Comment by Chris Byrne — December 15, 2008 @ 9:59 am
  4. That is one thing I miss about Arizona, but being back in Colorado, it is a pain trying to remember who is on what time. No matter where we have been, my in-laws are always an hour ahead, but my brother in-law in New Jersey, it was a headache trying to remember if he was 2 or 3 hours ahead. I do like though that my kids are walking to school with sunlight @ 7:30, The sunrise has been around 7.

    Comment by Aimee — December 15, 2008 @ 2:11 pm
  5. Can anyone tell me how to reset my sundial for DST?

    Comment by Persncikety Curmudgeon — December 15, 2008 @ 4:40 pm
  6. Yes. DST results in more sun in the evening hours (which is why I like DST). You might want to rework this piece, Brad.

    Here’s some wiki on DST:
    Daylight saving time (DST; also, summer time in British English; see Terminology) is the convention of advancing clocks so that afternoons have more daylight and mornings have less. Typically clocks are adjusted forward one hour near the start of spring and are adjusted backward in autumn. Modern DST was first proposed in 1907 by the English builder William Willett. Many countries have used it since then; details vary by location and change occasionally.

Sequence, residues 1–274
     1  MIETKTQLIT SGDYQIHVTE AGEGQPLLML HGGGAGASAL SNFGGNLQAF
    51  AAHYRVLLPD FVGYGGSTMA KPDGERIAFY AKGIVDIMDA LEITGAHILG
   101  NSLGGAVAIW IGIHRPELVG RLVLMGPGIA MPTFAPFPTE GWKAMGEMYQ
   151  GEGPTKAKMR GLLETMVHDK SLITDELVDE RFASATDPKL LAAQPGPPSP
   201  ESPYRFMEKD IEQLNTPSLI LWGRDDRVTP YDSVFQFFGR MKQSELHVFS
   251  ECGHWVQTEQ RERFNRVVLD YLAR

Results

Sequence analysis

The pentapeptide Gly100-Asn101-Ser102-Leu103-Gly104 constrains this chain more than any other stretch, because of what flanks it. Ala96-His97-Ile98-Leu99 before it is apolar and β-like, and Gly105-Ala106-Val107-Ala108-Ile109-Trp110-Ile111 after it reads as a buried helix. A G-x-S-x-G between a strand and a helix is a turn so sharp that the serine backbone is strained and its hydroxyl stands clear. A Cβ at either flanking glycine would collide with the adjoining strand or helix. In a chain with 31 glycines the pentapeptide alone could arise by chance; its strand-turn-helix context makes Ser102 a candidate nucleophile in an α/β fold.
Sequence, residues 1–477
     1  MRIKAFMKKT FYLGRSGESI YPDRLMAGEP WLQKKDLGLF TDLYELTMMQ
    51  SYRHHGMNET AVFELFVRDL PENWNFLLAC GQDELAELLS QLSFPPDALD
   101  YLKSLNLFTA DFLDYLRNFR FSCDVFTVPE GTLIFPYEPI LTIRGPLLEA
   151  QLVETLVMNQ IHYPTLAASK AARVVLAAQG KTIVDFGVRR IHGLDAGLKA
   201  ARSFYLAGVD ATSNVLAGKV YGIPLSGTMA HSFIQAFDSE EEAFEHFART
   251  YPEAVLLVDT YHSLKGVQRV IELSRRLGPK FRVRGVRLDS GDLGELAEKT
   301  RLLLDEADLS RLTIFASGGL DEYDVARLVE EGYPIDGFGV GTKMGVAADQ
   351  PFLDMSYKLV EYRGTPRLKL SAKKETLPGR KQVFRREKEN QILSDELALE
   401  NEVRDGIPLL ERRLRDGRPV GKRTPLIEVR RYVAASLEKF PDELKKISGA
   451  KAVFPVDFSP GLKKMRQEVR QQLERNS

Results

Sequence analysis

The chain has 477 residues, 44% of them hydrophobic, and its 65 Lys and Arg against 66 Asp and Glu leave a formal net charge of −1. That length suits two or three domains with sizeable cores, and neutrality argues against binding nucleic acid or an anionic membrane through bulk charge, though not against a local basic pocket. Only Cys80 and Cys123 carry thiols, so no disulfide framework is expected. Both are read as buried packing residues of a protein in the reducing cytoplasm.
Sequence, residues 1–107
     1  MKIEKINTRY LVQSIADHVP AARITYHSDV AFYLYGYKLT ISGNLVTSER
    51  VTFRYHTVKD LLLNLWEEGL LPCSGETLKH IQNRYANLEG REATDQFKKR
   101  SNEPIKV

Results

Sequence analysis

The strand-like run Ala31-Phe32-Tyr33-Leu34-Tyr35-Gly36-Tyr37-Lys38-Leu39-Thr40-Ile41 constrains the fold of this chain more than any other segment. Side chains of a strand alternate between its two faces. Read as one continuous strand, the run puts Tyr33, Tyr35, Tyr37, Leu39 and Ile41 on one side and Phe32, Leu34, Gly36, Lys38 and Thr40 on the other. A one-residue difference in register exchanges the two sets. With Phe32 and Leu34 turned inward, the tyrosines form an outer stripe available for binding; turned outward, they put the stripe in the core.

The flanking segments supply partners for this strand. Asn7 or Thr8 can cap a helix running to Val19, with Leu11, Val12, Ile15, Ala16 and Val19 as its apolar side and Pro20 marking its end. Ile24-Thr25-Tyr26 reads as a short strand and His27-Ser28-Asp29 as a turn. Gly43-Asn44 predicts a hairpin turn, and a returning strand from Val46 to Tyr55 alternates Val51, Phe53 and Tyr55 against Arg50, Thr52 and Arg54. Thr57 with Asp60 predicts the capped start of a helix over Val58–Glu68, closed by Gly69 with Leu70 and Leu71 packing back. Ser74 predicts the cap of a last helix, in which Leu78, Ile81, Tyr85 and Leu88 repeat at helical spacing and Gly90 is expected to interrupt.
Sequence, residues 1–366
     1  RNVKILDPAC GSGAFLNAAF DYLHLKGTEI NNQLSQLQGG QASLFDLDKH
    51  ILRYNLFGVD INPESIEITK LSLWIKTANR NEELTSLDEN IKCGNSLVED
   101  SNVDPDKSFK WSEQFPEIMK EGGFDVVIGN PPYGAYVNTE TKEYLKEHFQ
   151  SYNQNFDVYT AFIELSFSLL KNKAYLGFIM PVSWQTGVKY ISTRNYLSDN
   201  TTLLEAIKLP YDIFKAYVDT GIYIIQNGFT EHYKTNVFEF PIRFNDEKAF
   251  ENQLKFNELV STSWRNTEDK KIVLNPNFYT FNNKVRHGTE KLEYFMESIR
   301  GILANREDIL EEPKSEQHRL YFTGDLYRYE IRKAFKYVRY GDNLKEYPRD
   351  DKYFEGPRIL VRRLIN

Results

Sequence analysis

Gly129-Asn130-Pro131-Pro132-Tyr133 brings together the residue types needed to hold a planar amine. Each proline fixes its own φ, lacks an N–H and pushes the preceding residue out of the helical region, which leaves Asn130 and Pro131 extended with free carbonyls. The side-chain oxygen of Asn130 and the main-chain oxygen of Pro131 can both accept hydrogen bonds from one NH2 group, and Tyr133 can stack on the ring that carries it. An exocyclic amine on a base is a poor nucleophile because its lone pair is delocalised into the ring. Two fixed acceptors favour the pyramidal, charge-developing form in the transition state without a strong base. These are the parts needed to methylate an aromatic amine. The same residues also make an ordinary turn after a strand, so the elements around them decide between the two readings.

The practice is controversial.[1] Adding daylight to afternoons benefits retailing, sports, and other activities that exploit sunlight after working hours,[2] but causes problems for farming, entertainment and other occupations tied to the sun.[3][4] Traffic fatalities are reduced when there is extra afternoon daylight;[5] its effect on health and crime is less clear. Although an early goal of DST was to reduce evening usage of incandescent lighting, formerly a primary use of electricity,[6] modern heating and cooling usage patterns greatly differ, and research about how DST currently affects energy use is limited and often contradictory.[7]